Perhaps her biggest impact came in Miami’s first meeting with Louisville in a game where Williams scored a career-high 16 points, five assists and three rebounds in a heartbreaking loss at home.

But against an identical No. 4 Louisville team weeks later, Williams stuffed the stat sheet with eight points, five rebounds, four assists and four steals in the upset victory.

“She’s literally just like me. She’s very goofy, but she’s someone who when it comes to game time, she’s mentally locked in and she tries to do anything that will try to help Miami win games,” Marshall said. “[Whether] it’s guarding the best player on [the opposing] team, grabbing the most rebounds, getting steals and impacting the game from her passes.”

In one of the toughest conferences in college basketball, Williams has adjusted extremely well, ranking in the top-five among ACC first-year student-athletes in scoring, assists, rebounding and steals. She has paced the conference’s freshmen in steals, averaging 2.0 steals per game on the season.

“The game is faster and quicker, and everything is up to speed. Practice, too,” Williams said about the adjustment to the college game. “Kelsey Marshall has been here for five years. Learning the game from her is amazing. I didn’t actually think I would get to play with her. I’ve been watching her game since I was getting recruited.

Never folding in the face of adversity, Williams became just the fifth player in Miami program history to be named to the ACC All-Freshman Team. She was also named to Miami’s Bookbusters Honor Roll after achieving a GPA that was above 3.0.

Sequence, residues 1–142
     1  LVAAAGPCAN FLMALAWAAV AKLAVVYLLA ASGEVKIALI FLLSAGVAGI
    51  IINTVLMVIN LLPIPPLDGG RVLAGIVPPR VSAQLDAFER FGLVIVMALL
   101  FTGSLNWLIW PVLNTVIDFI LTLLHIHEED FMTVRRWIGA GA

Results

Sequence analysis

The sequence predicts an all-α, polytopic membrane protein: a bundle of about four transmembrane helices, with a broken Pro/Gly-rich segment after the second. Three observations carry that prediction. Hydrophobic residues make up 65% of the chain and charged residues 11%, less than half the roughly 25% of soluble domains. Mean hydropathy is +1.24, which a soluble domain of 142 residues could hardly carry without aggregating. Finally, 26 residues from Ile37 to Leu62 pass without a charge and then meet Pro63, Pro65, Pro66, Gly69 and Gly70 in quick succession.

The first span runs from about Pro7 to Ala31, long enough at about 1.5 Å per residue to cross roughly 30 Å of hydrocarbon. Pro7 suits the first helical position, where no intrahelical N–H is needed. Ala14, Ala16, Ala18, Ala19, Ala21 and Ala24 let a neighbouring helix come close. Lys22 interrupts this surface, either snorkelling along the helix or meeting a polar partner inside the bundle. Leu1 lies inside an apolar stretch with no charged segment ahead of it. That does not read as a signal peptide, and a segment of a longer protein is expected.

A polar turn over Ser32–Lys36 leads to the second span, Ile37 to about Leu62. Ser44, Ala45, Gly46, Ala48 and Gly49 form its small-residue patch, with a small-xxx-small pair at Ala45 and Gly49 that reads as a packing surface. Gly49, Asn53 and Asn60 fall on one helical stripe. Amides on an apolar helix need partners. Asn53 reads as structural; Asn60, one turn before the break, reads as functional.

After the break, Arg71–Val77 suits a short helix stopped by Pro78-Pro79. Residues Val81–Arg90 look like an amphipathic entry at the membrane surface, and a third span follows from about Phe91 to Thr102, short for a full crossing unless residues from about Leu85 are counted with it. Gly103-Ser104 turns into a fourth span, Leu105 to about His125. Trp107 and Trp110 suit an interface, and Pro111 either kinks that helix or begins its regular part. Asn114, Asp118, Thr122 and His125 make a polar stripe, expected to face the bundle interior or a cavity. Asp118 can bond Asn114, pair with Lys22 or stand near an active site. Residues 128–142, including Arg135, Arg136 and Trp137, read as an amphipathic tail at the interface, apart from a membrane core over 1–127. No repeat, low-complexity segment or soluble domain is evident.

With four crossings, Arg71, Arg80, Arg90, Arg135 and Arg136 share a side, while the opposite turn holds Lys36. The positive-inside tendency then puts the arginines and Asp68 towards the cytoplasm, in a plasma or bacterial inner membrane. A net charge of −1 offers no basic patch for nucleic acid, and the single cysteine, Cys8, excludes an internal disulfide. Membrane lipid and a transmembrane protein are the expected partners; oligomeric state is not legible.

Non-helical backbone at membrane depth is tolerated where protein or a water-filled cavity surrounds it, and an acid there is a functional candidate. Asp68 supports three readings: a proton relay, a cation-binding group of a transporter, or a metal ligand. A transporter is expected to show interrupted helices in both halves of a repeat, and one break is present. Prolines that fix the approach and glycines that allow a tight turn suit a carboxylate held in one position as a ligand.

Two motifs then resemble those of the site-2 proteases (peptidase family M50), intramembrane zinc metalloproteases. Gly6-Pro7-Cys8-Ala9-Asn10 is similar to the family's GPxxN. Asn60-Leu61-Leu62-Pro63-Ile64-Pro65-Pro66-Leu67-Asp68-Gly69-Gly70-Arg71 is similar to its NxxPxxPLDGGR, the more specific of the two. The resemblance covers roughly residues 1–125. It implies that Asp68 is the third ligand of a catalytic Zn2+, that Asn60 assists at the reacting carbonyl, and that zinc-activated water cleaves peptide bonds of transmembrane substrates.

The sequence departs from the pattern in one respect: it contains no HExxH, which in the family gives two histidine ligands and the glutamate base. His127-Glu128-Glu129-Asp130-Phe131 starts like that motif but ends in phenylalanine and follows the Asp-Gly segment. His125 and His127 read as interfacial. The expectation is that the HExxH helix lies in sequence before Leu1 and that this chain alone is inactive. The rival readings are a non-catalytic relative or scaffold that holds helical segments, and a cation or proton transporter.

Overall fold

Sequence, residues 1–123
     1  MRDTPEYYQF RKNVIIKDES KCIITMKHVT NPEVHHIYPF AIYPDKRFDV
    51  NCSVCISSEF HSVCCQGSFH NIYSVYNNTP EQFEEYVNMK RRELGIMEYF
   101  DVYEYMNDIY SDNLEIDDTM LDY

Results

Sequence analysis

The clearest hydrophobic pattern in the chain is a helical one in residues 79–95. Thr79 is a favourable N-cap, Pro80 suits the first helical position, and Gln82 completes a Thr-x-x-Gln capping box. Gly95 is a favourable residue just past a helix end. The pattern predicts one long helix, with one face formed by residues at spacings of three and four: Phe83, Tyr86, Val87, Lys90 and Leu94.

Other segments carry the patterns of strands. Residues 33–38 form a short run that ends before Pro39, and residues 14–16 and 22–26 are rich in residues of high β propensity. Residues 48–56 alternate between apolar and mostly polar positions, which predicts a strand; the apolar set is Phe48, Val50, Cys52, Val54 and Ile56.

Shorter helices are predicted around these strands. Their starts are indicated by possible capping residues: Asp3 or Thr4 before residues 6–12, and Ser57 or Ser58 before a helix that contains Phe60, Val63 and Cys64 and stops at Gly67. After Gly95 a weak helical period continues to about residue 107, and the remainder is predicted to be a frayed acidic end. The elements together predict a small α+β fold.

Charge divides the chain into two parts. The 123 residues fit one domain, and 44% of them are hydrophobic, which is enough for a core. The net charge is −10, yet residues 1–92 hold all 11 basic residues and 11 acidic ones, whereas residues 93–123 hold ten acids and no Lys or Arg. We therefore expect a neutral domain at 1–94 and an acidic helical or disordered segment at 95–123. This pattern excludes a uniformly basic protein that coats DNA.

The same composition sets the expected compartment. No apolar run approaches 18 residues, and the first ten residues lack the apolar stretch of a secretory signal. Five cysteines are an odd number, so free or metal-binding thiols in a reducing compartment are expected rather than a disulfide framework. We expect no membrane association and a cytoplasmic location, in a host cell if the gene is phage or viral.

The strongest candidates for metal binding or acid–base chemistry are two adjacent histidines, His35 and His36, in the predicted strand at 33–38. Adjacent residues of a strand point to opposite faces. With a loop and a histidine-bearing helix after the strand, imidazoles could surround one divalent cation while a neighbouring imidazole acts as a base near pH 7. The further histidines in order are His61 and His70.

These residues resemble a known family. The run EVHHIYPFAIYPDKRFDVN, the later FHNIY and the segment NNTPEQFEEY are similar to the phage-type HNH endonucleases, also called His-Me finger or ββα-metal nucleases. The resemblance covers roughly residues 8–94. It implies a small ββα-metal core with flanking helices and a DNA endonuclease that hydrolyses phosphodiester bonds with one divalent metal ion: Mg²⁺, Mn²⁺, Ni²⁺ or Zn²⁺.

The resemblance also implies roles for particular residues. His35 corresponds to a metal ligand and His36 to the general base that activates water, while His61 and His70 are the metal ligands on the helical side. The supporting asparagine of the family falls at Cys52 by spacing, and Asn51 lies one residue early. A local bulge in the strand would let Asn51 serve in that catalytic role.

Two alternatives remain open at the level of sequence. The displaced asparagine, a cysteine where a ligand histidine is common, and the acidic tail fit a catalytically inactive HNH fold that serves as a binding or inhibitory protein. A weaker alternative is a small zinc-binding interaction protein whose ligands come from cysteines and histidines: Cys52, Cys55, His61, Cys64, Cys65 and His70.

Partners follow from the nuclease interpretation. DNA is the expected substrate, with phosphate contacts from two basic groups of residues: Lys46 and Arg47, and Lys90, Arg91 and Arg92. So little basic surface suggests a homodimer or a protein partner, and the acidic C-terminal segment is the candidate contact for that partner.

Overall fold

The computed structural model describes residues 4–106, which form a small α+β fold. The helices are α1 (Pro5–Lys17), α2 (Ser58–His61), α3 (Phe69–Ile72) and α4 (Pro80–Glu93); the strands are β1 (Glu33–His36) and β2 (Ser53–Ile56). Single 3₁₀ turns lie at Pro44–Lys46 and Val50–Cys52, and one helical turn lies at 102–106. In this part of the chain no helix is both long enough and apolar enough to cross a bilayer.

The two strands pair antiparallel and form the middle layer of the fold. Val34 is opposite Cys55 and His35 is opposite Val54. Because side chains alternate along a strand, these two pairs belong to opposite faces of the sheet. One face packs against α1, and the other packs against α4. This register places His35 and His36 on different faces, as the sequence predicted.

“With adjusting everything from schoolwork to having extra workouts, finding time to do something and getting rest for your body, too,” Williams said about the off-court adjustment.

Rather than shy away from competing in the starting lineup of a team with Final Four aspirations, Williams ensures her play style doesn’t go unnoticed.

Now, as she welcomes her former high school teammates and coaches, in addition to her family, behind the Hurricanes’ bench, they get to witness how Williams continues to overcome hurdles against the best in the nation.

“I want to show them that this is how you play,” Williams said. “This is how you’ve all got to attack in high school [basketball]. Don’t wait until you get to college to do it, you’ve got to do it now.”

Williams and the Hurricanes look to carry their momentum from their historic run in the ACC Tournament into what they hope to be the next edition of postseason success no matter which powerhouse program stands in the way.